Blu-ray Review: When Worlds Collide (1951)

I remember first hearing about When Worlds Collide via a loose reference on an episode of Seinfeld, in which George Costanza likened the cataclysmic event to the unwanted merging of two separate parts of his social life. That’s actually very relatable. Now the George Pal classic has collided with Blu-ray for the very first time, available now in stores and online from Imprint Films, No. 6 in their second wave of titles.

When a star and it’s orbiting planet are discovered to be on a collision course with Earth; a group of survivalists along with those who made the alarming observation scramble to prepare a rocket ship that will take them a new world. What sounds like a very fantastical premise, might not be outside the realm of possibility as collision’s with planetary objects has been theorised to be a significant factor in how our own planet was formed billions of years ago. It may well happen again, but we’ll likely to be long gone. When Worlds Collide treats this idea seriously, which gives it credence as a potential way of humans preventing its own extinction, should the technology be available. Impressively, the film makes an effort to explain the methods of how our characters mean to escape disaster, with common principles and practises almost a decade before America’s space program began. Their plan is even dependent on the funding from private enterprise, much like today’s aerospace companies. However, the contribution of personal wealth can lead to dangerous compromising, dictated by the film’s antagonist, business magnate Sydney Stanton.

There’s an impressive and wide use of miniatures, which show up great in HD, which is a relief as the format tends to be a bit too revealing with older films. Combined with other practical element’s the sequences of global destruction are achieved well, managing to keep the special effects as the main showpiece despite the film’s age. Performances are all pretty decent among the cast of humanitarian figures, and not surprisingly, there’s a light romantic subplot weaved between the seriousness. I think this speaks volumes about the casually sexist view studios had towards film audiences with the notion that women would only accompany their boyfriends or husbands to the theatre if there was a sprinkle of romance involved. Although, in the case of When Worlds Collide, it’s not completely empty as the all-but-doomed love also serves as a way of helping our hero realise his importance and value to the eventual survivors, should they succeed.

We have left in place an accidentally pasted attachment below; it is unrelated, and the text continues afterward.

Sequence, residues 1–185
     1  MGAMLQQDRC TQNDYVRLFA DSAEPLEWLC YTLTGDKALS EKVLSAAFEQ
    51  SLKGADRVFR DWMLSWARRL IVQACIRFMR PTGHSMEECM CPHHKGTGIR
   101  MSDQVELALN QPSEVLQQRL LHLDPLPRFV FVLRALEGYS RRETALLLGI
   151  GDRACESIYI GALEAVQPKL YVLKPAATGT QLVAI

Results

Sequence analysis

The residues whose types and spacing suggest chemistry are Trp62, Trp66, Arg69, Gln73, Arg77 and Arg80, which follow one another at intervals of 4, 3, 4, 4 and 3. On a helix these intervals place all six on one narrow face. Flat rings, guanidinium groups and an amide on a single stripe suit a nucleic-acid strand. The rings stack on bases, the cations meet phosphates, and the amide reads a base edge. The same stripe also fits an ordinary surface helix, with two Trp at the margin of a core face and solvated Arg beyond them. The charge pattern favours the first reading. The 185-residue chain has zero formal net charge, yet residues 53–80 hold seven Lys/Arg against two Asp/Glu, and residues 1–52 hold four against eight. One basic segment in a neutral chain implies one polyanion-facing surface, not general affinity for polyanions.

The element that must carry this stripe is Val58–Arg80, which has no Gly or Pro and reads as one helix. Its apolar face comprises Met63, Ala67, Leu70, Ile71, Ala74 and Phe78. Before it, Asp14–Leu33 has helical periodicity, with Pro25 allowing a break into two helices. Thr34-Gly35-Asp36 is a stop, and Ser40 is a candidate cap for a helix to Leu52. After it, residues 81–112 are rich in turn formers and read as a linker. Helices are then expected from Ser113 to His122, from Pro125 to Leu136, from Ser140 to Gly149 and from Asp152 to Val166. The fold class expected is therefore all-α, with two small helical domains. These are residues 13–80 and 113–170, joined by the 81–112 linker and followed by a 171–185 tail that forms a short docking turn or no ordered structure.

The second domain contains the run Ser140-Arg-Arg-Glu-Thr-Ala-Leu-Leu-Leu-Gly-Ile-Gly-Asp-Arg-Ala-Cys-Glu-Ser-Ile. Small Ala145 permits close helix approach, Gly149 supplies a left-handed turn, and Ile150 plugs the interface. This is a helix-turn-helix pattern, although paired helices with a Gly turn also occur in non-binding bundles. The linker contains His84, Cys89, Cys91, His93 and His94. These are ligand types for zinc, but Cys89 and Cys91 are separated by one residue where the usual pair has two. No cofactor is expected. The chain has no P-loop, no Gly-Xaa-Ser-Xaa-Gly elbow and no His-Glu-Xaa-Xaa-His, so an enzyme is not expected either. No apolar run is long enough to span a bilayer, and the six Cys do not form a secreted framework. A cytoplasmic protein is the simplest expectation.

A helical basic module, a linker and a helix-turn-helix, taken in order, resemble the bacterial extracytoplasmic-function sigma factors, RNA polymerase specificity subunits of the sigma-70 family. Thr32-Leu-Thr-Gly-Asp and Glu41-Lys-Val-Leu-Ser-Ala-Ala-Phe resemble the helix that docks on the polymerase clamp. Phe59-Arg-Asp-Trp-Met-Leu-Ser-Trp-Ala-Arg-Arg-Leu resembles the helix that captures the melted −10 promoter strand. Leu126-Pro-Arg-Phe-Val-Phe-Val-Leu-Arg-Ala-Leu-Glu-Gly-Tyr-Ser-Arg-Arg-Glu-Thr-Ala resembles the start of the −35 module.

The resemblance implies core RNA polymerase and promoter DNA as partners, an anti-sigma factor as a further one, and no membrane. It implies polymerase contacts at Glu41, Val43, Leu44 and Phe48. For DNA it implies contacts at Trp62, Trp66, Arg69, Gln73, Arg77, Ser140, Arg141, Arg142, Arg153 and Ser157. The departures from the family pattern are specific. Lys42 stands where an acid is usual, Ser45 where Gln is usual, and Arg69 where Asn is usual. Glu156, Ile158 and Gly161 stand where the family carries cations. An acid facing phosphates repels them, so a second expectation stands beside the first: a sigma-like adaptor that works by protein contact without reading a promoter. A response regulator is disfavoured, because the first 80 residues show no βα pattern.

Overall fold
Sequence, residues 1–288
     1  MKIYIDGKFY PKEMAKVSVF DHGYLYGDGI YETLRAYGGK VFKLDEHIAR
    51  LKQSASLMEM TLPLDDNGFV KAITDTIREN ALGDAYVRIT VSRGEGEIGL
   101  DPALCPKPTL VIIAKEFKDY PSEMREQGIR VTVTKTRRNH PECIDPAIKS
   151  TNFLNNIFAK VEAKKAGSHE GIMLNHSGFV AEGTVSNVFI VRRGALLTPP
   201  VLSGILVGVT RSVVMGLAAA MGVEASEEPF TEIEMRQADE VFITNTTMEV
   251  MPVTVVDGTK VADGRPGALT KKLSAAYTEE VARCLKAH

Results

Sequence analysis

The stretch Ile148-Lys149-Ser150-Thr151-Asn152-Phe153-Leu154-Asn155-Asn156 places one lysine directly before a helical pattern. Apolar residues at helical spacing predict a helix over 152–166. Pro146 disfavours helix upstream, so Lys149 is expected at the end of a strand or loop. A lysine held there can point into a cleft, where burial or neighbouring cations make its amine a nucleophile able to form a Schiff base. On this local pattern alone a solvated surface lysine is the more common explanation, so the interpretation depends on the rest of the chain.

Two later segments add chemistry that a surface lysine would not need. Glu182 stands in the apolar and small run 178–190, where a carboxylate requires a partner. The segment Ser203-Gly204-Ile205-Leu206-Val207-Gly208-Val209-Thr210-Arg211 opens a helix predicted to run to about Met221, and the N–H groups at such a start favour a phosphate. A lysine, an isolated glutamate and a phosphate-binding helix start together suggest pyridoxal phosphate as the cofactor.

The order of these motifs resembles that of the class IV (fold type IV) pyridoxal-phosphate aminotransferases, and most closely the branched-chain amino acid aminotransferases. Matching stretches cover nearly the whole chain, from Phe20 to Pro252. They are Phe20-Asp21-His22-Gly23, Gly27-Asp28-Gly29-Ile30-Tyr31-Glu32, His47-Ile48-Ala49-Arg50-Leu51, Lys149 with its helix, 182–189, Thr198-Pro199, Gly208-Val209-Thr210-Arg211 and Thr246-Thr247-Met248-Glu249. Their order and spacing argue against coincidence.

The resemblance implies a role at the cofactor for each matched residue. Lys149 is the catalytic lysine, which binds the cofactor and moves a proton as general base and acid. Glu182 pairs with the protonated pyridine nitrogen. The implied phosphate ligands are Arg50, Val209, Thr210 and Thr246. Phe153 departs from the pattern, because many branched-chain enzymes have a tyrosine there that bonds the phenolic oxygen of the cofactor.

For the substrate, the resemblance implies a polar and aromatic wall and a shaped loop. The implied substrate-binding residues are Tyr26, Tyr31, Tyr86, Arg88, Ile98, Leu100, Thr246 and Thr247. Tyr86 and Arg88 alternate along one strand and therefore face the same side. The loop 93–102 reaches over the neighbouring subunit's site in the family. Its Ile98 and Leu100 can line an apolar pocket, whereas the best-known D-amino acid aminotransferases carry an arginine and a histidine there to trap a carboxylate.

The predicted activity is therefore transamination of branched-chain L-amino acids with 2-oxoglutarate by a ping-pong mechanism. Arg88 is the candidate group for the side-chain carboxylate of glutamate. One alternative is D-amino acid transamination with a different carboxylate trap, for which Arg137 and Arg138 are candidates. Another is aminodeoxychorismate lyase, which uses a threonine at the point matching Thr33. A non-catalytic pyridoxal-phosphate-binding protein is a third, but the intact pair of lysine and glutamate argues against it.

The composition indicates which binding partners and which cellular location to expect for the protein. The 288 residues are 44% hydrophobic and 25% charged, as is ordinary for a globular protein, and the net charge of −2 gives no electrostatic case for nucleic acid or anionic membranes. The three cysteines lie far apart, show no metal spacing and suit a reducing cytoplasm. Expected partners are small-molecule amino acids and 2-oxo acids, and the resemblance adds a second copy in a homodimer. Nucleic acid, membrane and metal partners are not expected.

Imprint’s first edition, The War of the Worlds, set the bar pretty high for HD rendering of 50s science-fiction and while When Worlds Collide falls just short of matching the inaugural release, it looks superb for its Blu-ray debut. Sharpness is very finely tuned with the 1.33:1 Technicolor image delivering the biggest wow-factor. Although, it’s clear you’re watching a 1080p upgrade of a previously released digital transfer as some moments throughout the feature appear a little scratchy and not as clean. LPCM 2.0 Mono provides an authentic uncompressed audio experience with good volume and clarity, which is a plus considering how impactful sound is to the film, giving weight to the many miniatures.


  • NEW exclusive audio commentary by film critics Barry Forshaw & Kim Newman
  • 90min of Extended Interviews with Gene Roddenberry, Ray Bradbury, Ray Harryhausen, Roy Edward Disney, Wah Chang, Russ Tamblyn & Duke Goldstone recorded for the 1985 documentary, Fantasy Film Worlds of George Pal
  • LPCM 2.0 Mono
  • Optional English subtitles
  • Theatrical Trailer
  • Photo Gallery
  • Limited Edition slipcase on the first 1500 copies

“Nerdlingers” the world over, myself included, will be pleased with this collection of science-fiction authorities with renowned British journalists and film critics, Barry Forshaw and Kim Newman providing an in-depth commentary. Interestingly the 90 minutes-worth of interviewers equal the length of Fantasy Film Worlds of George Pal, so I’m not sure why Imprint didn’t include the documentary instead. Never the less you’ll certainly be enticed to seek it out. Artwork differs greatly between the slipcase and the inside-sleeve, which opts for a simpler and more artistic approach while a more recognisable theatrical image is front and centre.


When Worlds Collide begs the question of whether we’re destined live and die on planet Earth or to prosper on another world in the distant future, furthering the species. If we do have to leave one day, I hope someone takes this Blu-ray release with them, because it’s as good as it gets.

(1951, director: Rudolph Maté)



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direct blu-ray screen captures


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